5 Household Items You're Definitely Not Cleaning Enough

mbg Senior Sustainability Editor By Emma Loewe
mbg Senior Sustainability Editor
Emma Loewe is the Sustainability Editor at mindbodygreen and the author of "The Spirit Almanac: A Modern Guide To Ancient Self Care."
5 Household Items You're Definitely Not Cleaning Enough

Photo by Trinette Reed

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Winter feels like the perfect time to give your home a little extra love. As the weather forces many of us inside, a space that is clean, cozy, and supportive of our intentions becomes more and more appealing.

For those of us who have already decluttered every room and closet, burned some cedar or palo santo, and brought in some new feel-good décor, the real fun can begin: the deep cleaning. Since our homes are an extension of ourselves, we shouldn't just stop with a surface-level priming, right? Here are five often-overlooked areas of the home that are begging for a little TLC, and an action plan for making each one feel like new:

1. Your mattress.

In addition to washing your sheets every week or two and occasionally throwing your pillows in the wash, pay mind to your mattress. A standard mattress will collect up to 454 grams of dead skin cells a year, which is the equivalent of a loaf of bread, according to a report by U.K.-based furniture shop Fishpools. Plus, a study out of Ohio State University found that 100,000 to 10 million dust mites live in the typical mattress.

Before you resign to sleeping on the floor, flip your mattress to the other side, let it air out without sheets every once in a while, and vacuum it with a brush attachment at least once a month. Every seven years—give or take—buy a new one. "Many mattresses will be good for about seven years, but every mattress is different. Its life depends on how you take care of it, how you sleep on it, and how often you rotate it," a Fishpools representative tells mbg. "If the mattress looks like it has seen better days but hasn’t hit the seven-year mark yet, it’s best to be on the safe side and replace it."

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2. Your doorknobs.

For something you use so often, when's the last time you cleaned your doorknobs? The New York Times recommends finishing a room cleaning with a quick wipe down of any doors, and we couldn't agree more. Go for a deeper clean by adding an antibacterial essential oil to the mix.

3. Your washing machine.

Melissa Maker, the green cleaning expert and author behind Clean My Space, explains that when it comes to a cleaner home, the washing machine is key. "We often forget that the appliances we use to clean need cleaning themselves, and the washing machine is no exception," she tells mbg. In order to ensure that it's in tiptop shape, you can wipe it down and leave its door open after every use. Maker also recommends putting five drops of lavender essential oil in with your detergent to prevent odors, mold, and mildew.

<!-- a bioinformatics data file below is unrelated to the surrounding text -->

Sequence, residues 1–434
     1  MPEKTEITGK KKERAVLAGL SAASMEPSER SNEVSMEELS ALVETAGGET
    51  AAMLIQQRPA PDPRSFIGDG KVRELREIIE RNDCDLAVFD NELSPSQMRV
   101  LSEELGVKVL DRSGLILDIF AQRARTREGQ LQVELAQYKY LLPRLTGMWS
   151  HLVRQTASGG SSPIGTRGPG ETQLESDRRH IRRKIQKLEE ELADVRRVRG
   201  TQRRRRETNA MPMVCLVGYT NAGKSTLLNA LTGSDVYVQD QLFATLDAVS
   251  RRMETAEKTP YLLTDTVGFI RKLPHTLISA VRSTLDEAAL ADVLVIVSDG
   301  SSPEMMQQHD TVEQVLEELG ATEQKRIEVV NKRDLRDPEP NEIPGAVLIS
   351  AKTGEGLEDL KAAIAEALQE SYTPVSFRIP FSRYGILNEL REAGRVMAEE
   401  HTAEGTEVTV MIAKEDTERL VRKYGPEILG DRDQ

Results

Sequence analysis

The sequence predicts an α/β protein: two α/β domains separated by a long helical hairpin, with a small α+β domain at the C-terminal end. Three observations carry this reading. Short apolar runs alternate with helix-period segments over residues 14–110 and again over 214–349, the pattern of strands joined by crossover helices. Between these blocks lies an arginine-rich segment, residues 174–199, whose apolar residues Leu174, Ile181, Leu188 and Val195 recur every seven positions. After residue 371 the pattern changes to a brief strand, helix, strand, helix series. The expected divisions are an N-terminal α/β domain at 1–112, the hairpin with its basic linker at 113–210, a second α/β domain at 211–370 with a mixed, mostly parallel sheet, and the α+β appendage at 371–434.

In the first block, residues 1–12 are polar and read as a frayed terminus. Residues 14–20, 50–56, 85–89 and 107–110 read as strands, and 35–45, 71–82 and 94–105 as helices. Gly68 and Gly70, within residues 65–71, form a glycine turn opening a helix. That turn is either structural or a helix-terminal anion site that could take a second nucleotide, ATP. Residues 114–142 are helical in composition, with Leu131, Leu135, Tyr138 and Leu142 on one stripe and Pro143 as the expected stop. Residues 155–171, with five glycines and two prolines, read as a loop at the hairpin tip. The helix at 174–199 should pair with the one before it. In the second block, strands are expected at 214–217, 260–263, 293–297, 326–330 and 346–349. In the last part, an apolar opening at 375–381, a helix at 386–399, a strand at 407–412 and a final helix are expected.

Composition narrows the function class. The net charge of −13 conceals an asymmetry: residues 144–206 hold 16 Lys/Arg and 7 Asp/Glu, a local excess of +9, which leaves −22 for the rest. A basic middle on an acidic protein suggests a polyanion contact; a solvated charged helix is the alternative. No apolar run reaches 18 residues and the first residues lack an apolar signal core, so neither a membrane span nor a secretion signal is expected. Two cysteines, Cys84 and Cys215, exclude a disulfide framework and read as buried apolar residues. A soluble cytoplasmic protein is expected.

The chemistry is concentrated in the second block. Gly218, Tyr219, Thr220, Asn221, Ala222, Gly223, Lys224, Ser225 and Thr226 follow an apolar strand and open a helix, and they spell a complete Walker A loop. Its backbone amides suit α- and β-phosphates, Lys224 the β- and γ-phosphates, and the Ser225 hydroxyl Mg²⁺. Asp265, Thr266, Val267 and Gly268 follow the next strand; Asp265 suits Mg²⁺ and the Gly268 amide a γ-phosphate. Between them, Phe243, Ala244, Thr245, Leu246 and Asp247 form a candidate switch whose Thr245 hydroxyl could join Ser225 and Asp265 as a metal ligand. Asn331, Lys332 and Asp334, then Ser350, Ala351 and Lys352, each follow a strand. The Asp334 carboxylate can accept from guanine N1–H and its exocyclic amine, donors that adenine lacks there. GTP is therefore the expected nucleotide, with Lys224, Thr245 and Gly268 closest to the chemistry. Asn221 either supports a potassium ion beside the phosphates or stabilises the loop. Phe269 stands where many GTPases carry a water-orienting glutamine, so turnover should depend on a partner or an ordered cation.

And if your washing machine is already past its prime, essential oils can help you get a deeper clean. "Start by taking pure tea tree oil and putting it on a cloth and wiping inside the gasket, let that sit for 10 minutes, then wipe the gunk out with a damp cloth. Next put 10 drops of tea tree oil into a spray bottle with water and spray after cleaning weekly. Do a tub clean cycle once a month or once a quarter (depending on how often your machine is being used) by filling all compartments with vinegar and running it through on the hottest settings. You can also add tea tree oil to the vinegar for extra disinfecting."

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4. Your couch.

"With all the time spent on couches, it's important to keep them free of dust and allergens," says integrative health and allergy expert Jonathan Galland. You can either clean yours with a hand vacuum and bio-based stain remover or take a page from Galland's book and cover up your cushions with something that's easy to throw in the wash. "As couches are challenging to clean, I like to cover them with a colorful throw, quilt, or blanket that I can toss into the washing machine any time."

5. Your sponges and rags.

Studies show that kitchens are typically the grimiest room in the home (yep, worse than bathrooms). And sponges and rags are usually the dirtiest part of them. In one survey, 75 percent of them tested positive for potentially harmful bacteria. While a dirty rag or sponge probably won't kill you, keeping a rotation going and throwing dirty ones in with every load of laundry can't hurt.

This 20-minute kitchen-cleaning routine tackles every nook and cranny.

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